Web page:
Wrenching is like Cooking, anyone can do it with enough practice and discipline. You need about $200 in basic tools to get started. You need a fairly comprehensive ratchet set, which you can grab for about $50 at Walmart. You need a special set of tools for this car called "torx bits" they look like stars. Those are about another $50. Some pliers, screwdrivers, a floor jack, jack stands and some other miscellaneous stuff. You don't have to buy the best tools in the world to get started, you can upgrade as you go. I have a Stanley ratchet set I've been using for about 10 years now to work on cars. Would I use it if I was wrenching professionally? No. But I use it to maintain my delivery vehicle.
The first thing I'd ask is, do you have a place to actually work on the car? If you don't have a place to work on the car safely it can suck really bad.
I'll be honest, Volvo's aren't cheap to own. In my experience between 140k miles and 180k miles is the most expensive stretch to own them. Especially when they are over 20 years old. My current car cost me $1200 to buy and I've put at least $4000 in maintenance and repairs into it. Would probably be closer to $6000-$10000 if a shop did it.
My last Volvo was the same way, but once everything was replaced it ran till 280,000 miles. So if I did the math it cost me $2750 (purchase) + $4000 (repairs) = $6750 total. Not including gas, oil changes and the like. I drove it 130,000 miles before it died. 6750/130,000 = $0.0519/mile
All cars need maintenance, esp ones in the $500-3000 range. That's why people sell them so cheap.

So that all being said, without seeing the car or knowing what's actually wrong or anything else, I'd say that you need to start by getting that throttle issue repaired and then evaluate if it's even driveable.

You've already sunk $650 into the car. Put another $100 of exploration into it. If the throttle is completely busted and you don't want to learn or don't have a safe place to reguarly work on your car, sell it for $750, and wait to buy a car till you have at least $4000 saved up.
Do you have any friends who like to work on cars? It's a lot more fun when you have friends helping you.
Also for the record, my wife had no mechanical skill at all when we got married and now she will actually help me out. I teach her as we go.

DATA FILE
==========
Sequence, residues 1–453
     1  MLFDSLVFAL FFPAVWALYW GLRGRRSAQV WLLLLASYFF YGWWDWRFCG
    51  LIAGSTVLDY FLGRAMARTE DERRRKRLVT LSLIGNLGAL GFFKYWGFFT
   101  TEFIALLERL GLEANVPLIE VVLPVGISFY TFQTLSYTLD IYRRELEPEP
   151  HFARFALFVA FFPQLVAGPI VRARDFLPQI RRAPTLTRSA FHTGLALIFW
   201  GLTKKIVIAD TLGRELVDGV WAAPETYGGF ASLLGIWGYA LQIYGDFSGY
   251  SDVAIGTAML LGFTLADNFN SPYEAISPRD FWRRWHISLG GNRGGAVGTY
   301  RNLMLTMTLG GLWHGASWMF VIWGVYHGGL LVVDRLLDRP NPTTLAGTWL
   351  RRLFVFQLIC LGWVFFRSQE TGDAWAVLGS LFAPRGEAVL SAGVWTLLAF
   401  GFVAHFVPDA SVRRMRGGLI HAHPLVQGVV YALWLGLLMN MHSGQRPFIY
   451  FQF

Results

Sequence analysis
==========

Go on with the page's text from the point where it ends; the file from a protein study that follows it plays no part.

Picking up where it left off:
You should also post some pics of the car for us to look at and evaluate. :-)
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Re: 1998 V70 XC: Is it worth repairing?

Post by WhatAmIDoing »

If you can get the throttle unstuck and ensure it's drivable, then post it up for sale for $1000 OBO. You know the engine starts, so that's always good. Use that money to buy a cheap Japanese/domestic and drive it into the ground.

These are relatively easy cars to work on yourself. I knew almost nothing when I got my Volvo, and I've learned a lot in the last 2 years. Unfortunately, you need to have the money to spend on parts, and Euro cars aren't cheap. If you can't/won't do any of the work yourself, it's better to just sell it. I'm sure there are a number of enthusiasts in New England looking for a '98 V70 XC, and your engine works, so shouldn't be a hard sell.
'98 S70 T5M - 282,000+mi - forever a project
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Re: 1998 V70 XC: Is it worth repairing?

Post by cn90 »

callahanoffroad wrote:...In my experience between 140k miles and 180k miles is the most expensive stretch to own them. Especially when they are over 20 years old. My current car cost me $1200 to buy and I've put at least $4000 in maintenance and repairs into it...
I can attest to this.


- Bought the 1998 S70 GLT at 145K for $2300, put in another $3000 in OEM, Lemforder, Bilstein parts with "blood and sweat labor"...

- At 189K, valve #3 burned, then trans loses Reverse.

- In retrospect, I'd buy a Volvo < 100K for $4500-$500 and done with. I just bought a 2004 V70 2.5T with 100K in great condition.

- So buy a $4000-$5000 2004-2007 model with 2.5T and < 100K miles and done with. Less headache or time lost repairing the beast.
2004 V70 2.5T 100K+
2005 XC90 2.5T 110K+